The block will travel the farthest because applying conservation of energy, the only force acting on the block is peg and Ke but in the ball you have peg, ke and ke rotational acting on the ball thus since all the energy from the block the peg is converted into KE, this will cause an increase in the speed of the block which will cause an increase in the blocks height.
Good Job! A couple of tips for wording here.
- You start with conservation of energy, then immediately talk about the only force being PEg. PEg isn’t a force, Gravity is.
So a better way to word this (not just for this situation but for any conservation law situation is to refer to external vs internal forces.
For both cases, there are no external forces acting on the object - earth - ramp system. Because of that, the total amount of energy remains constant …
You differnetiate between KE translation and KE rotational for the sphere, but in the next sentance you refer to just KE. It can get a bit confusing for the reader (I know you mean translational KE), but in both cases PEg gets converted to KE, just not 100% translational for the sphere.
A better way to approach this is to avoid using the generic KE term in this case and instead use KErot and KEtrans (or KEr and KEt) just to be clear.
You could also work on the last sentence a bit more and establish why an increase in velocity results in a higher height (KEtrans --> PE, or v^2 = vo^2 + 2ax for examples).
As far as scoring goes, I’m quibbling over maybe 1-2 points on a 7 point question for this, you’ve got the main concept down well. We just need to polish the arguement up a bit.
Hey Peter! I would really appreciate it if you gave me feedback on my answer. Thanks!
The block will travel higher than the ball. Based on the Law of Conservation of Energy, the total initial energy of each system will equal the total final energy of each system (each systen has the same total energy because they have identical mass and start with the same PEg). Each case starts out with only PEg. The block leaves the ramp with some PEg, and some KElin. The ball leaves the ramp with the same amount of PEg as the block, some KElin, and, because it rolls without slipping, it has some KErot. Because the KElin of the block must be equal to the KElin+KErot of the ball because of the Law of Conservation of Energy, the final velocity of the ball will be less than that of the block. After leaving the ramp (at the same angle), the objects both become projectiles. Because the block has a greater starting velocity (as a projectile), it will travel higher than the ball, ignoring air resistance.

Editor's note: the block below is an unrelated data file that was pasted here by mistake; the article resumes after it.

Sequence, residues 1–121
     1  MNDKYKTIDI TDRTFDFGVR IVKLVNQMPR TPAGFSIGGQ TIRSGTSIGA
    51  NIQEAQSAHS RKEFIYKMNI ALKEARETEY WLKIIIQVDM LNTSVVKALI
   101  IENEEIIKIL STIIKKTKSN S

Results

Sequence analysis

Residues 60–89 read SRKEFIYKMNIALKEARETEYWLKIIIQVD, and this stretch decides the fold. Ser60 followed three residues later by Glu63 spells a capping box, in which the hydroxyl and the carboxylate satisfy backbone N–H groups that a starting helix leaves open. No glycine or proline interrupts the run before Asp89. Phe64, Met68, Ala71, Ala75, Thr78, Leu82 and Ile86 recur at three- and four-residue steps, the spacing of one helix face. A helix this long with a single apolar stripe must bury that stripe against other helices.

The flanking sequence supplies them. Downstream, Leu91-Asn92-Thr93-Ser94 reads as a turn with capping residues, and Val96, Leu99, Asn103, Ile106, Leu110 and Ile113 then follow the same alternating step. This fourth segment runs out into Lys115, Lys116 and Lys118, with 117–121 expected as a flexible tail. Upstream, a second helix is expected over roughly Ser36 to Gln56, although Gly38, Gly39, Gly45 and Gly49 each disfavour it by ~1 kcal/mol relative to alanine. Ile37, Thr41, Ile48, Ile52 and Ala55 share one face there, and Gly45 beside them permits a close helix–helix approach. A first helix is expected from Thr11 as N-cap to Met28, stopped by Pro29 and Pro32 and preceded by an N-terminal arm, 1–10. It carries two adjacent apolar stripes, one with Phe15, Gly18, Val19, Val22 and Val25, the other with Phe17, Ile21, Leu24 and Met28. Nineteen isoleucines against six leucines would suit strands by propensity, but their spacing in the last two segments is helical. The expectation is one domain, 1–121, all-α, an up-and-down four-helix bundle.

Nice job on this! You did a good job distinguishing between the two types of KE! The only thing I can think to improve this (and I’m being really picky here) is to mention that both objects leave the ramp at the same angle, which lets us justify the equivalent projectile motion statement. It’s obvious in the image that the ramps are identical, but doesn’t hurt to mention it in your reasoning.
As an alternative last few sentences, you could stick to energy in your reasoning. For example:
The block leaves the ramp with some KElin which can get converted back into PEg as the block rises. The ball leaves the ramp with some KElin and KErot, but only the KElin can be converted back into PEg. Therefore the block will end up with more PEg and a greater height than the ball.
a) The block
Both the ball and the block start with the same GPE relative to the lowest point of the ramp. As the ball rolls down the ramp, GPE is converted into translational KE and rotational KE as it heads toward the lowest point on the ramp, and then some of that rotational KE and translational kinetic energy is converted back into GPE by the time it reaches the end of the ramp. The block, on the other hand, has all of its GPE converted to translational KE as it heads toward the lowest point on the ramp, and then some of that KE is converted back into GPE by the time the block reaches the end of the ramp. Right when both objects leave the ramp, they have the same total amount of energy and the same GPE relative to the lowest point of the ramp. However, the ball has rotational KE in addition to translational kinetic energy, meaning that it must have a smaller linear speed. The block, on the other hand, has all of its mechanical energy that isn’t GPE in the form of translational kinetic energy, meaning it is moving faster at the end of the ramp. Once both blocks leave the ramp, the same force of gravity acts on both of them, so their accelerations are the same. Since voy is greater for the block since it has a greater initial velocity, it will travel a greater height, delta y, than the ball:
In the y direction:
v^2 = vo^2+2ay
2ay = -vo^2
y = -vo^2/2a, understood negative of “a” cancels with negative in front of vo:
y = vo^2/2a
vo is in the numerator, so a greater vo (y-direction) means a greater height, delta y, for the block.
Nice response John!
You did a great job with distinguishing between KEr and KEt for the ball & block and for explaining the projectile motion part. My only nit-pick would be that you should mention that the ramp angles are the same, so that their voy would be the same fraction of their total v.
You could also approach this by looking at friction doing work on the ball but not on the block. The work done by friction on the ball removes translational KE so at the end of the ramp the ball has less KEt and a smaller v when it leaves the ramp.
Overall though, very nice job that’s at least a 6/7 on this question!